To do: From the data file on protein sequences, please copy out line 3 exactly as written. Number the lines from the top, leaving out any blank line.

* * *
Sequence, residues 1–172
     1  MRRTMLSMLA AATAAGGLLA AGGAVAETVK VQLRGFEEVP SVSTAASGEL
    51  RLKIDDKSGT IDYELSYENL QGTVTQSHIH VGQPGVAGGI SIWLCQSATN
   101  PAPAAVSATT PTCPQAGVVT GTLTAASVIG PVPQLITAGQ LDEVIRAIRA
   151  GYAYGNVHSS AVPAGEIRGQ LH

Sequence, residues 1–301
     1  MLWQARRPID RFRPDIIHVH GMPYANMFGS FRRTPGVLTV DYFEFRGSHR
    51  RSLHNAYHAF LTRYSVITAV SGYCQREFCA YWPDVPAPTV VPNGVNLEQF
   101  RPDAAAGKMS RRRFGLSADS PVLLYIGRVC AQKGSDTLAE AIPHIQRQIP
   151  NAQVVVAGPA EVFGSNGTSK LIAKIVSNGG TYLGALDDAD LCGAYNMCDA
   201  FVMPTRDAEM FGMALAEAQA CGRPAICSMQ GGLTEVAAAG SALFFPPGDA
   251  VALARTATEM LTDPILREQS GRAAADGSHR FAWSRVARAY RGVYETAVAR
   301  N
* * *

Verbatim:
    51  RLKIDDKSGT IDYELSYENL QGTVTQSHIH VGQPGVAGGI SIWLCQSATN